The experimental observation of Li dendrite growth inside mechanically hard solid electrolytes (SEs) raised an important question: can hard SEs mechanically stop Li-dendrite growth? Here, we report a multiscale model coupling density functional theory calculations with the phase-field method to address the question. In particular, we investigate the roles of internal defects, such as pores and crack surfaces, inside a number of SEs including cubic Li7La3Zr2O12 (c-LLZO), β-Li3PS4, Li1.17Al0.17Ti1.83(PO4)3 (LATP), and Li2PO2N. It is shown that LLZO surfaces have a much smaller band gap than the corresponding bulk and thus could trap significant excess electrons, whereas the other three systems do not exhibit significant differences in the surface and bulk band gaps. A fully coupled phase-field model was then developed to further examine the impact of excess surface electrons on the Li dendrite growth morphology in polycrystalline LLZO. This model successfully explained the experimentally observed dendrite intergranular growth and revealed that the trapped electrons may produce isolated Li-metal nucleation, leading to a sudden increase of Li-dendrite penetration depth. Finally, we compared the basic material properties and found that the ranked Li dendrite resistance in these SEs, based on the surface electronic properties instead of mechanical properties, is consistent with a broad range of experimental observations. Therefore, surface band gap and its alignment with Li-metal, as well as the excess electron distribution, can be used as key material properties to determine Li dendrite resistance of SEs.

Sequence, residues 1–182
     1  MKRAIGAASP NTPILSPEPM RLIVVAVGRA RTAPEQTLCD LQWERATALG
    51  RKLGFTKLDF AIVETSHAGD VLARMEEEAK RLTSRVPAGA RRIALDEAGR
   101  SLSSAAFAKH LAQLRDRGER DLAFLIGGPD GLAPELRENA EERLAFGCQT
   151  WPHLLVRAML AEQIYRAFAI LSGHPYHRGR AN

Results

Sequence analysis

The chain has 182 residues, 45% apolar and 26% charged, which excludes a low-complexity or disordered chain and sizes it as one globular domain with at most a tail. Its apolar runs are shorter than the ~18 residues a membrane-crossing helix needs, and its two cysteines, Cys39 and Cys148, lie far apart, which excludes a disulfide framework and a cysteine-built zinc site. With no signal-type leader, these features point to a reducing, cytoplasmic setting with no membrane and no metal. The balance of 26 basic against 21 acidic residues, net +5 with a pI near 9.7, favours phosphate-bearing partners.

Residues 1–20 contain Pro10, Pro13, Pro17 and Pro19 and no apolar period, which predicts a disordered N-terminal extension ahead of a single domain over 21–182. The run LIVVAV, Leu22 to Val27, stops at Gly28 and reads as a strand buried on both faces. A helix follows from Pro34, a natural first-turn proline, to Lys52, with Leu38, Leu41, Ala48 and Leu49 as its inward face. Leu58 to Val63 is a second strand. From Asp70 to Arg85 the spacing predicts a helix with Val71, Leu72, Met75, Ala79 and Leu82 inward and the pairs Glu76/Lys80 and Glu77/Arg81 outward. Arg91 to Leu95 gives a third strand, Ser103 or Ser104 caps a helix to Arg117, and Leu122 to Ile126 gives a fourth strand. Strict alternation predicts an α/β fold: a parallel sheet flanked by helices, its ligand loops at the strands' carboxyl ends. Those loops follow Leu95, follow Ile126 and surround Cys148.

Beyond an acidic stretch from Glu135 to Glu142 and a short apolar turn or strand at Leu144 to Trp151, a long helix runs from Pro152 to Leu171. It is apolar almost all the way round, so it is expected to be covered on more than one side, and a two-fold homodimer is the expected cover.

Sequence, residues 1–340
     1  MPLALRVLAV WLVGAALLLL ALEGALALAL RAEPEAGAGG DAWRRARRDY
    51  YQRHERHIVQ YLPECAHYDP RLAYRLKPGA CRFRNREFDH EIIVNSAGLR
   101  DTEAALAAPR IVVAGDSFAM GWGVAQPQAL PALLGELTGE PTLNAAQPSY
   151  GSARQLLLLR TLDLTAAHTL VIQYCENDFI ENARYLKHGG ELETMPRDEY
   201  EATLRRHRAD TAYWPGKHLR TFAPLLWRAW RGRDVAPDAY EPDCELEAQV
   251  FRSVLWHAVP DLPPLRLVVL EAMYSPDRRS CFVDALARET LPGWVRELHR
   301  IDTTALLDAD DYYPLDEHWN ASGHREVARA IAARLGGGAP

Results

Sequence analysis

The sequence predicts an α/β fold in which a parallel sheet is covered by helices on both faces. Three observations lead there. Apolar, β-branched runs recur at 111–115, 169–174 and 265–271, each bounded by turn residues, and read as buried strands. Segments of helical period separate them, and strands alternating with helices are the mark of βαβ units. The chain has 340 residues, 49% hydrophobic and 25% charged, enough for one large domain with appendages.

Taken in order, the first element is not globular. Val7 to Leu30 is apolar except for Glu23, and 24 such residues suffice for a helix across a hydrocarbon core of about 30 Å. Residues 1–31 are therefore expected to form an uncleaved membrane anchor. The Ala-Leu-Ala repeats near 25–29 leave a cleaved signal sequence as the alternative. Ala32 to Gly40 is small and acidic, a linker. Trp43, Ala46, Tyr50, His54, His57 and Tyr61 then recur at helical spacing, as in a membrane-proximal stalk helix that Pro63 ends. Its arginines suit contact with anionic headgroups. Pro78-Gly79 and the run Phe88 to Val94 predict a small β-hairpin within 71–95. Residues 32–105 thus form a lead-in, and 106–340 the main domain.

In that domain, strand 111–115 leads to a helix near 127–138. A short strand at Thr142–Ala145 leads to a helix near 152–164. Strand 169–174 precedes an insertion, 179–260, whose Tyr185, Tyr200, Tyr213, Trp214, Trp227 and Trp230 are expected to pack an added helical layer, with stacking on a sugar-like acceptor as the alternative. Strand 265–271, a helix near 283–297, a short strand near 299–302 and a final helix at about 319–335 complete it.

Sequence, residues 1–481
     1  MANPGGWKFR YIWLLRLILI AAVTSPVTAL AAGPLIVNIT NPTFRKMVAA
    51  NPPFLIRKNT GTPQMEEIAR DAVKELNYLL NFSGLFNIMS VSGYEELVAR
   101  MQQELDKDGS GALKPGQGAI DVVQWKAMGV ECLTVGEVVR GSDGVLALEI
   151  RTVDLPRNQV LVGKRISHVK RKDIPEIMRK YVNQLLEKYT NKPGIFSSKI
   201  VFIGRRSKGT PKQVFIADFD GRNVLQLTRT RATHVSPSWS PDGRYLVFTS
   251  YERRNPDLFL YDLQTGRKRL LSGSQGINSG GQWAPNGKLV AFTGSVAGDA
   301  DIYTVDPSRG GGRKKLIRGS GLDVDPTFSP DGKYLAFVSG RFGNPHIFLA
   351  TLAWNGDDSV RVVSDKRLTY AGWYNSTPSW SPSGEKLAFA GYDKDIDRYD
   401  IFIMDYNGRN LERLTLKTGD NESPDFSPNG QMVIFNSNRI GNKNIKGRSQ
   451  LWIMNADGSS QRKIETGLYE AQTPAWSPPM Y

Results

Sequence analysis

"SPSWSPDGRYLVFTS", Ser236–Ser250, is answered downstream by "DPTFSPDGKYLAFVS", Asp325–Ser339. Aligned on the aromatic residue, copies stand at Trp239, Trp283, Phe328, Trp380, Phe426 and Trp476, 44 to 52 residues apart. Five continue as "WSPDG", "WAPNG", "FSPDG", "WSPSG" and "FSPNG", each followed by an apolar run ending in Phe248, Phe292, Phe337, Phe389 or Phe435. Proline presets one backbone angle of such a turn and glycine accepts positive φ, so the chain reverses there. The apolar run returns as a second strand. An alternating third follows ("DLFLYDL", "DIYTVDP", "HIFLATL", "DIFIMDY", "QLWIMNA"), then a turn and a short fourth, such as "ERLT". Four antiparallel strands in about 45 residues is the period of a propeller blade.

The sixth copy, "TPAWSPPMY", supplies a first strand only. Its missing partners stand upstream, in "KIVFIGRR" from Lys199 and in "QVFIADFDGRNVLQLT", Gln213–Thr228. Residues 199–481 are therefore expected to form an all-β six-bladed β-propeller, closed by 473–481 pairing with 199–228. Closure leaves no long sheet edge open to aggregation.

All Science Journal Classification (ASJC) codes
- Chemical Engineering(all)
- Materials Chemistry